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No Risk Here

USC Leventhal’s Risk Management Program hires securities attorney and senior policy adviser Kristen Jaconi to build the program.

April 17, 2019

It’s a good time to be in risk management. Or rather, it’s a good time to be the one who gets to introduce smart college students to the field. Just ask Kristen Jaconi.

Jaconi is the director of the risk management program, a minor course of study housed in the Leventhal School of Accounting. The program launched in 2018 after risk management leaders from around Southern California came to USC Marshall and asked for help training the next generation of professionals.

Jaconi, a longtime attorney and policy maker with extensive experience in the securities industry, came onboard as program director in July 2018. She had been serving as a risk management consultant for a boutique DC-based consultancy when a mutual acquaintance introduced her to Dean Ellis.

A change of pace, perhaps. But also a chance to work on the same coast as her husband, as well as a chance to try academia.

She took the opportunity. But then there’s no chance of Jaconi ever being a B Personality.

“Building out the risk management program does align with my skill set,” she says. “But building a program from the ground up is a lot of work, and I do tend to push myself.”

The Classics

Growing up in a Trojan household in Los Angeles, she studied French and the Classics but always had her eyes on business. “I read the Wall Street Journal nearly every day since I was 12,” she says. “It grounded me in the practical.”

After early professional experience in the financial services industry, she earned a law degree from Stanford (“Classics trains you in analytical thinking and attention to detail.”) before joining O’Melveny & Myers, where she specialized in corporate governance and securities law.

But she felt compelled to try her hand on the policy side of things. So she made what might look from the outside as a risky move: She quit her well-paying corporate law job to volunteer as an intern in Washington.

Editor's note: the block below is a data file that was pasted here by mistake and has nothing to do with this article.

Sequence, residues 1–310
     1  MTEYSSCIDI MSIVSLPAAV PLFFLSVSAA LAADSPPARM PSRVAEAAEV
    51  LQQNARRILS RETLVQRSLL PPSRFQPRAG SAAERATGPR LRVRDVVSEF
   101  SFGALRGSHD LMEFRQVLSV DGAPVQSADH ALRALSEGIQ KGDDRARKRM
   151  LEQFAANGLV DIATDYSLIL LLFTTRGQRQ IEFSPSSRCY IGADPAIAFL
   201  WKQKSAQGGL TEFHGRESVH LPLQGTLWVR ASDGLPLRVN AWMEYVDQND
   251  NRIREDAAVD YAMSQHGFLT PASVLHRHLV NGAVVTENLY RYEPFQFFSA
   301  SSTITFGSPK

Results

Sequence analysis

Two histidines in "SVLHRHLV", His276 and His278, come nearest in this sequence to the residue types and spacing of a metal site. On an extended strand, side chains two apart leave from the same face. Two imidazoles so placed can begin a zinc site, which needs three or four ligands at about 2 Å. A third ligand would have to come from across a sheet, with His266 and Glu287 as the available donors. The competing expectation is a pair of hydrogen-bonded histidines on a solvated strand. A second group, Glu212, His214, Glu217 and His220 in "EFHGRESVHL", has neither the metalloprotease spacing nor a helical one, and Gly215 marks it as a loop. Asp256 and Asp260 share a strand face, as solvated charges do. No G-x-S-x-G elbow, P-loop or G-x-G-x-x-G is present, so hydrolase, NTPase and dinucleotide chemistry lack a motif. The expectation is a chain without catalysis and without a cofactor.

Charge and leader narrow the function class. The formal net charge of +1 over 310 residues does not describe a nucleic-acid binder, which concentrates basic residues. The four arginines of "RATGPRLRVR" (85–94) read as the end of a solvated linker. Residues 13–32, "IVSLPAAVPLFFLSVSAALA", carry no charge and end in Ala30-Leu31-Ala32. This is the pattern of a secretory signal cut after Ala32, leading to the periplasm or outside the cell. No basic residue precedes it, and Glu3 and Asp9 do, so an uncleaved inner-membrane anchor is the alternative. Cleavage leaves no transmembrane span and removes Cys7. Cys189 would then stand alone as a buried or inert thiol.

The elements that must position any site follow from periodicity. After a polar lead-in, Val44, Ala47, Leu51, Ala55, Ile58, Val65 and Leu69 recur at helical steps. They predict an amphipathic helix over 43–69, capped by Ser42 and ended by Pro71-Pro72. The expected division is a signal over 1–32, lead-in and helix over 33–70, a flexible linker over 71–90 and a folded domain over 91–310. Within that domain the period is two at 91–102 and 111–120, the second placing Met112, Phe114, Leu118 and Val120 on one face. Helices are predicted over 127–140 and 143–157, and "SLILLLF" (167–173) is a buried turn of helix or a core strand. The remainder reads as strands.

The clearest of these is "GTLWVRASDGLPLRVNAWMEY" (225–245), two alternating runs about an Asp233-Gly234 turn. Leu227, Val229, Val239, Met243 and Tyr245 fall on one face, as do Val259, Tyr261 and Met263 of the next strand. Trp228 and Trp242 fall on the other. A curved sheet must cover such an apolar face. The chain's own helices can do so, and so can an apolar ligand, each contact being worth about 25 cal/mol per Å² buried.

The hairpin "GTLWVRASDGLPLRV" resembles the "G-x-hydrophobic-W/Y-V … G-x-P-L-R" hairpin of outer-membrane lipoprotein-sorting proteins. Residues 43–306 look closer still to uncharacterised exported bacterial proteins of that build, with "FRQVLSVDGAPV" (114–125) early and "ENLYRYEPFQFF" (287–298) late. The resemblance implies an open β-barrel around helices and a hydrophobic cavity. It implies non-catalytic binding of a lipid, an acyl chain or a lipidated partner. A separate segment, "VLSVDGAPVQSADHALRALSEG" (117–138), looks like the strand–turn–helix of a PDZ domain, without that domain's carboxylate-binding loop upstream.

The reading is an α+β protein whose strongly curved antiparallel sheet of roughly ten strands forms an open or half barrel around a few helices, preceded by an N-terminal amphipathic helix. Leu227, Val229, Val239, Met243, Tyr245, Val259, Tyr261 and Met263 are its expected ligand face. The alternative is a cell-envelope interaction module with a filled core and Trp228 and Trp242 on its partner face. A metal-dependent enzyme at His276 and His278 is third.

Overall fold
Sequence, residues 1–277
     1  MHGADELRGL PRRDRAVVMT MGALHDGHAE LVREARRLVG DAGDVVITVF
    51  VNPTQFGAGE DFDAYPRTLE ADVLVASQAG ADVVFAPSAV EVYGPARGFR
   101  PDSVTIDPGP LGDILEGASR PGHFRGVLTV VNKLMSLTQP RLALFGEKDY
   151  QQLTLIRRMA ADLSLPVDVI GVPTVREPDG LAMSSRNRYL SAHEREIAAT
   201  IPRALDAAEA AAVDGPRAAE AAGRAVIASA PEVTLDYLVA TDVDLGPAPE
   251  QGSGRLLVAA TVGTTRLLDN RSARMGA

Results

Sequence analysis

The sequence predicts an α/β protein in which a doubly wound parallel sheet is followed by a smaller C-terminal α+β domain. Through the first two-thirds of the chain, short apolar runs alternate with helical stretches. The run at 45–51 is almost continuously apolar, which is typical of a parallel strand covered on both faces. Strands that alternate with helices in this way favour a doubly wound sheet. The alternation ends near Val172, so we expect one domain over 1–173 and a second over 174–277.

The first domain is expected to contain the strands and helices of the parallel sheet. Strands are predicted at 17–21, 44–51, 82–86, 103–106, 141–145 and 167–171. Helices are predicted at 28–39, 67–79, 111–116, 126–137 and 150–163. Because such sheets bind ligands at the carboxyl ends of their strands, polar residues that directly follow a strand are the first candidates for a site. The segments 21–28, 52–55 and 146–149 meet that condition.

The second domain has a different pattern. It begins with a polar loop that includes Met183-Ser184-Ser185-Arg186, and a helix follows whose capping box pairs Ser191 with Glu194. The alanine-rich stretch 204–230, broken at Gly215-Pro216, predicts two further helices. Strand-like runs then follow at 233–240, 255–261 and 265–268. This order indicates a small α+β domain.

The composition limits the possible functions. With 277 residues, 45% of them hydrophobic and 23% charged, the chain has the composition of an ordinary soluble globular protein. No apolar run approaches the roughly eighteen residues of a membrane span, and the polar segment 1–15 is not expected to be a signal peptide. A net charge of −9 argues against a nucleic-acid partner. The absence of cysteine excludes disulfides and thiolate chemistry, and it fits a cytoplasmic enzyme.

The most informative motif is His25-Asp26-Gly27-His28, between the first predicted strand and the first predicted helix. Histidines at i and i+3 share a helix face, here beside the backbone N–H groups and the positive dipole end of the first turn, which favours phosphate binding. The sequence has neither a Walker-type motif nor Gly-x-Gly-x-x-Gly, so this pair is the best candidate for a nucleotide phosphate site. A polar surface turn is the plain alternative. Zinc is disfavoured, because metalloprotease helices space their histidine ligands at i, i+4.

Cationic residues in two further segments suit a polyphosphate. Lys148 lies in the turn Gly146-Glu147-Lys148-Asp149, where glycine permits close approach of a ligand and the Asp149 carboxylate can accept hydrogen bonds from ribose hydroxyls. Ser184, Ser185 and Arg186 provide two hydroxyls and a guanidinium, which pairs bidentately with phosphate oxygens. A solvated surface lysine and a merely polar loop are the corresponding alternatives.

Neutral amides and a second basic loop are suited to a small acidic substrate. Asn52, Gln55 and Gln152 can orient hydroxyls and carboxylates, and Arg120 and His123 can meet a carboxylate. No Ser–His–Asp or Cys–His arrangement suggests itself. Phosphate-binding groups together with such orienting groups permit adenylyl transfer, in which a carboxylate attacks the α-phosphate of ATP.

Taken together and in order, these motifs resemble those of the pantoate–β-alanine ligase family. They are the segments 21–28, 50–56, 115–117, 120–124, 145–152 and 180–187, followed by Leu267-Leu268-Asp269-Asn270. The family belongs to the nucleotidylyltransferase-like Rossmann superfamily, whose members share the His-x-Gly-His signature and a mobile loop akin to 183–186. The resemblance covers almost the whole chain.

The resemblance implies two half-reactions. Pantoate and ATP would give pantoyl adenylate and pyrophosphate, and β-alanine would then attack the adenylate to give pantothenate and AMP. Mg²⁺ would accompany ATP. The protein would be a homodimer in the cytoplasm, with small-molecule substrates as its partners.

The move paid off, and Jaconi ultimately became senior counsel for the Committee on Financial Services as it worked to implement the Sarbanes-Oxley Act of 2002.

When Rep. Michael Oxley (R-OH) retired in 2007, she took a senior policy adviser position at Treasury…just in time for the 2007 financial crisis.

Building a Program

Academia is a different world than Washington. But just as Jaconi successfully made the shift from corporate law to public policy, she’s already scored some big successes for the Risk Management Program.

One is industry recognition. The program is supported by an advisory council of more than 30 companies, many of them household names (Alliant, Berkshire Hathaway, The Walt Disney Company, Fox), so perhaps it wasn’t a surprise for the program to garner a two-page write-up in the trade publication Insurance Journal, expanding its recognition across the industry.

As an adjunct professor, the depth of her experience is reflected in the curriculum she’s created for her students in her class “Introduction to Enterprise Risk Management.” Students read and discuss current issues in risk management (from the risks Tesla, Facebook, and Boeing are confronting to cutting-edge board-level risk reporting) augmented by in-class presentations by C-suite principals.

“It’s the USC name that brings them in,” she says. “Deans Ellis and Holder have also been elemental.”

If one thing has changed, it’s her commute. She and her husband live in Laguna Beach, from where she takes the train to campus. “I’ll take it,” she laughs. “It beats getting on a flight from LAX to Newark.”